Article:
Andy Meisenheimer edits, coaches writers, and occasionally forms his own sentences out of his home near Grand Rapids, Michigan where he lives with his family. After six years at Zondervan, he left the cubicle life, eschewing its monochromatic walls for a bright blue basement office. He now works closely with several major publishers and is on staff at The Editorial Department
At Write! Canada 2012, you are presenting a 6-part Continuing Class entitled "Piano Lessons, Shakespeare, and the Zombie Invasion" (for Fiction Writers). What can writers expect to take away from these classes? Will you summarize what you will be doing in these classes?
I'd be happy to give you a sneak peek. I want writers to discover a new curiosity and confidence when it comes to their writing. There's a lot of advice and handy guidelines out there about good storytelling, and I think most of it actually hinders instead of helps. It curbs our instincts and distances us from the art of writing.
But the problem is, we haven’t trained our instincts. We haven’t been students of the art of writing. There's a path to writing well, one that will free beginning writers to write the best kind of story—and empower more advanced writers to tap into a hidden well of creativity they didn't realize they had within them.
So we'll be spending our time in these classes exploring this path and practicing what it means. My goal is that each writer will continue the practices that we learn together and walk in grace and freedom.
It's actually a very practical title. I grew up playing piano, reading Shakespeare, and looking toward the apocalypse. So I’m going to relate these life experiences to the craft of writing. Each class will feature some very specific lessons that can be gleaned from those three things, as well as a few others that didn’t fit in the title.
How did you get into the editing business?
I came in through the retail side, working at a bookstore. After managing and buying for my local store, I moved into sales at a publisher and then into editorial. A few years ago, I went freelance and I've been working for all sorts of different publishers and companies ever since, both editing and writing.
You’ve edited over 70 books; tell me about some of your favourite editing projects.
That’s kind of a loaded question. I have a lot of favourite books I’ve edited—but the best part of the process isn’t the editing, it’s the collaborative relationship with the author. The best projects are the ones where the authors and I go back forth arguing over certain points and eventually they see that I’m right and then go back and revise and make it even better than I could have possibly imagined. I’m sure my authors would agree.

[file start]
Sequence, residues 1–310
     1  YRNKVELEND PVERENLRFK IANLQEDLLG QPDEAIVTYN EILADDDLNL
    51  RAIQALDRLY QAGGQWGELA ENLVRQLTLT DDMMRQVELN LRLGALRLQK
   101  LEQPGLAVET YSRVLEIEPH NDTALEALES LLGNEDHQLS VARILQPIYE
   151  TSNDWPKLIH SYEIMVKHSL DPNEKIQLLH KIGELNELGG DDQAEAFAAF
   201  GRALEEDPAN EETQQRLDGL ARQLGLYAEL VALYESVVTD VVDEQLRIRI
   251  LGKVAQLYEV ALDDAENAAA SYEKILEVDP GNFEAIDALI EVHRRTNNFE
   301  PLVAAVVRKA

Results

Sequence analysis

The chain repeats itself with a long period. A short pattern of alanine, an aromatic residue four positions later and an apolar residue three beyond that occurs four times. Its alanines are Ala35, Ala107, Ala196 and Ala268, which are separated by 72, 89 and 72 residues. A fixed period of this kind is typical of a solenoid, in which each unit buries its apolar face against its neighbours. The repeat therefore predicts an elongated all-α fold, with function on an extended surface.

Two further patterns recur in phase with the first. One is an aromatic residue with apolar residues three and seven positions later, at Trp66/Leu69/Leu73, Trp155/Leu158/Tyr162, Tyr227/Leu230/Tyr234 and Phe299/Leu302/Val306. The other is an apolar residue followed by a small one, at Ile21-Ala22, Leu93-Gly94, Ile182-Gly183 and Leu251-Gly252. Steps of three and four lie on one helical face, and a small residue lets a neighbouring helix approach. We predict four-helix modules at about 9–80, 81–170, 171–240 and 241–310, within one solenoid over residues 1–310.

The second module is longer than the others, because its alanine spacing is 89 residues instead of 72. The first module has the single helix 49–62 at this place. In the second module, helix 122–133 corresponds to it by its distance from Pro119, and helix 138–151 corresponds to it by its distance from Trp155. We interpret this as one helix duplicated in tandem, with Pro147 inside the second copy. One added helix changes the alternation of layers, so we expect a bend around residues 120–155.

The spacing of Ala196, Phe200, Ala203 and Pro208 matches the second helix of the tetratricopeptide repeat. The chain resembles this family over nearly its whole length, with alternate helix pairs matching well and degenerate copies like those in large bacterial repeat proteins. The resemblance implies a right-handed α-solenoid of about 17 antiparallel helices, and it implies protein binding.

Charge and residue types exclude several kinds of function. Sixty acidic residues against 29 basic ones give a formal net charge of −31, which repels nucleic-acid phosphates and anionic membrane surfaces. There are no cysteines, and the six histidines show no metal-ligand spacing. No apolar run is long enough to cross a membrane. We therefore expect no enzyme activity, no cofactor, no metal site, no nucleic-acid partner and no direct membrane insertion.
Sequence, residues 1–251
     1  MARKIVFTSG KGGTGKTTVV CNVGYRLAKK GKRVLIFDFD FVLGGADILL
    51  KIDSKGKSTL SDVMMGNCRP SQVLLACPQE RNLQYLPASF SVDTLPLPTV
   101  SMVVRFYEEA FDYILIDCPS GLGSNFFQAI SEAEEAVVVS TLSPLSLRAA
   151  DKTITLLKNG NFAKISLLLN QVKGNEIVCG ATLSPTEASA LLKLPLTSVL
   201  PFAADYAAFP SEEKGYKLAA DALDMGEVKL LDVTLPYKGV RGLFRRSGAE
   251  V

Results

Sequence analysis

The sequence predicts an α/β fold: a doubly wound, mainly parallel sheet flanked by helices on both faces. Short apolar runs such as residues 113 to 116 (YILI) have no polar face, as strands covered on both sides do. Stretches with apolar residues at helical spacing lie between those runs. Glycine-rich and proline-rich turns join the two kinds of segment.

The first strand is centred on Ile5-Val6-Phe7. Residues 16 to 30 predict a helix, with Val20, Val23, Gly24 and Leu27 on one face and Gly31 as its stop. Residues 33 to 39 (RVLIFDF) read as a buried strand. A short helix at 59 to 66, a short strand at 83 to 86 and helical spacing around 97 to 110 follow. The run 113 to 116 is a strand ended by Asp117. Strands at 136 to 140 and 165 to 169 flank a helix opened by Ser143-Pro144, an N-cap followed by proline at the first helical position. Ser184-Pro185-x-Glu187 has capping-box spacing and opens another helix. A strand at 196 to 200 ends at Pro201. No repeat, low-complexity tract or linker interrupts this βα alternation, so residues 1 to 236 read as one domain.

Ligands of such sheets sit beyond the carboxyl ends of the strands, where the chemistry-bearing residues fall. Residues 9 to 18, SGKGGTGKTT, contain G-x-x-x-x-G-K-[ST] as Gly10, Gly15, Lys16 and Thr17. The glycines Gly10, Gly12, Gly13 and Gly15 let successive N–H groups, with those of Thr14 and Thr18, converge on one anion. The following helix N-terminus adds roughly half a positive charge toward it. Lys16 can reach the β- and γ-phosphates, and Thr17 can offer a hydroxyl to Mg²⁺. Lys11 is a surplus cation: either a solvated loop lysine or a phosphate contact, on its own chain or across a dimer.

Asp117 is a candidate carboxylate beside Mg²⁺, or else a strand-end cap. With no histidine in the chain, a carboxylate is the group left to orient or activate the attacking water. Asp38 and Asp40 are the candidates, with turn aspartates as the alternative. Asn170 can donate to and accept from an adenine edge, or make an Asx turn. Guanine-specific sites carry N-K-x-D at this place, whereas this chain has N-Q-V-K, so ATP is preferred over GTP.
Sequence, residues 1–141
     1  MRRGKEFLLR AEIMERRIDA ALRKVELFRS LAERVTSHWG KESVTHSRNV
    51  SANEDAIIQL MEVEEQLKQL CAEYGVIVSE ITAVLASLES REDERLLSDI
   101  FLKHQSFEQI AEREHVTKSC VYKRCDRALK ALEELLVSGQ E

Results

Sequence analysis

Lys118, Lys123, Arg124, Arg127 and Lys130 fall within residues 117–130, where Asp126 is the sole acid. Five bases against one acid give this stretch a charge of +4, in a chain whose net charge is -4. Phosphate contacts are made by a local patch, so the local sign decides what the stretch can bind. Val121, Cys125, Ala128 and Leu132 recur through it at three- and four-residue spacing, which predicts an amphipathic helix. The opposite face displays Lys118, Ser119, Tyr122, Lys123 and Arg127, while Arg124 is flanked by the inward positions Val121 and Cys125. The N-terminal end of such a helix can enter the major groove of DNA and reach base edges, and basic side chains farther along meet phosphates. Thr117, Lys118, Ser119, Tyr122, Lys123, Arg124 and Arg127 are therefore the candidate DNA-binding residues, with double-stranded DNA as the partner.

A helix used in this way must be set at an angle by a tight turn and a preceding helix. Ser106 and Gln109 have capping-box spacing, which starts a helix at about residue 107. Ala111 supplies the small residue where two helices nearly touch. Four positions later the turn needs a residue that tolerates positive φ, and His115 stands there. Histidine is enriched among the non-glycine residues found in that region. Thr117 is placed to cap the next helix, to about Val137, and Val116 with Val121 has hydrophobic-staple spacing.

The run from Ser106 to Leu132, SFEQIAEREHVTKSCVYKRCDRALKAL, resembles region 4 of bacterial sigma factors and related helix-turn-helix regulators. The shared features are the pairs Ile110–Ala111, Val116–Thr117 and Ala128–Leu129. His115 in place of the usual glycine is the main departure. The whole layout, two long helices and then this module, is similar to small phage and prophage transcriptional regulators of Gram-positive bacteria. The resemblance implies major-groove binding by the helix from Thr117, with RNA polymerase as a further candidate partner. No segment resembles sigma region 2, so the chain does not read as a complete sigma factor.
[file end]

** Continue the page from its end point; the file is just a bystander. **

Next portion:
What are some of the biggest mistakes that fiction writers make?
Here are two:
One, not going far enough. A story needs to explore fascinating contrasts and hopeless situations. Just an everyday set of people doing everyday things isn’t enough, unless your prose sings so beautifully that you could make a laundry list into a bestseller.
Two, not having attitude. Writing without attitude is like a person without attitude. No one really wants to hear you tell a story unless you make stories—any stories—interesting simply through your telling them.
People buying it, reading it, and telling their friends about it. There’s really no formula, because the moment you discover the formula, there are a hundred exceptions. That’s what makes a fiction book sell well, I suppose. But perhaps you mean what makes it well-written? That is the great mystery. The closest answer I can give is this: when the writer assumes the reader to be intelligent.
To what degree are different genres open to Christian writing? Can a Christian write in any of these genres?
All genres are open to good writing. The degree to which they accept proselytizing or preaching in their writing depends. But good Christian writing doesn’t proselytize or preach. So, yes, a Christian can write in any genre, and should. Grace and redemption are universal themes.
You worked for Zondervan for six years. What kind of work did you do there, and how was it different from what you are now doing?
As I said, I was in sales for a few years and editorial a few after that. Much of what I do now is similar to my in-house editorial role, except that as an acquisitions editor I was discovering authors and signing them before I edited them. Now, I’m editing books that someone else has discovered and signed. There’re a lot fewer meetings.
You work at home. What challenges face a writer or editor who decides to work at home?
Working at home is great. I get to have lunch with the baby and hug the kid as soon as he comes home from school. I think it works well for editors and writers in general because it gives you the freedom to work during your most productive hours. Unfortunately for some of us, we are most productive about two hours in the evenings, and that’s about it.
I grew up in an evangelical, church-going family and have been curiously exploring the world through those lenses ever since. I inherited somewhat of an iconoclast personality along the way, so I often find myself hanging out on the fringes, wondering what everything means. But there’s something about Jesus that keeps pulling me back.
What advice or word of encouragement do you have for today’s Christian writers, particularly those who are thinking of attending Write! Canada 2012?
Read more books. Read better, wider, deeper. Read fully, critically, openly, and with abandon. Then you’ll be ready to dare to write.
Andy, thank you for your time. Is there anything else you would like to add in closing?
I’m really looking forward to my third Write!Canada conference. I hope to see old friends and meet new ones. And this time, I think I’m ready to preach. See you there!
Andy was interviewed by Fred Ash, co-lead of our PR Team.